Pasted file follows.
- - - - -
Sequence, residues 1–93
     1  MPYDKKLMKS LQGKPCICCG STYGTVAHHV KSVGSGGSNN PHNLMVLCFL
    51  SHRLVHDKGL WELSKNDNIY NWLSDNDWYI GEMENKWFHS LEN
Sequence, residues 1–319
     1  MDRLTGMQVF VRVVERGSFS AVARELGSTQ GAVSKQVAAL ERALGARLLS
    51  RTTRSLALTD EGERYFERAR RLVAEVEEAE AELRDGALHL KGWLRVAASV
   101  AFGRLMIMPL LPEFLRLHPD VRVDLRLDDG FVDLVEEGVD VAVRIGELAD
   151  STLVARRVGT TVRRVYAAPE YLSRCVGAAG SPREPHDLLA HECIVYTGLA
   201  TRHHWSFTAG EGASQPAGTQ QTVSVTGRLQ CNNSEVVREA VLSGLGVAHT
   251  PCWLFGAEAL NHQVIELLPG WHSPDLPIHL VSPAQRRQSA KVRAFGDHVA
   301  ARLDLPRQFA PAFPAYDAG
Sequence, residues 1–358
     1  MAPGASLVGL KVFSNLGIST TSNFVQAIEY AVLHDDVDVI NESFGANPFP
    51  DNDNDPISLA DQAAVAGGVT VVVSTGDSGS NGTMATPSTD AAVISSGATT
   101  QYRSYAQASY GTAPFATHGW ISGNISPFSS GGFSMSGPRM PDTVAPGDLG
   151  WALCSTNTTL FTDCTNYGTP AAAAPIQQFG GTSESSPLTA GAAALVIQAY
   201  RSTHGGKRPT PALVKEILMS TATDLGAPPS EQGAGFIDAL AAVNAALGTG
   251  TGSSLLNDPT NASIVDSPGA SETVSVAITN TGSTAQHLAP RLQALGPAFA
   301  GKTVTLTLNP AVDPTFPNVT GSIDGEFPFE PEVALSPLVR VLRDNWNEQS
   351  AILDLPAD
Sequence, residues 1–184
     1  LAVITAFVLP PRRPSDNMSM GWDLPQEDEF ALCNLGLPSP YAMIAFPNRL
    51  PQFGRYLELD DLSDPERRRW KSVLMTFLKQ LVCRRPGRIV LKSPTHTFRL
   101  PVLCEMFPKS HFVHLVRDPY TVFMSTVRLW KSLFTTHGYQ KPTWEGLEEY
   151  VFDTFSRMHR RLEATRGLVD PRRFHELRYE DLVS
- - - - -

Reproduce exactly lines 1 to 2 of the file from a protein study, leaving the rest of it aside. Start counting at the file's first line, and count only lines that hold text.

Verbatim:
Sequence, residues 1–93
     1  MPYDKKLMKS LQGKPCICCG STYGTVAHHV KSVGSGGSNN PHNLMVLCFL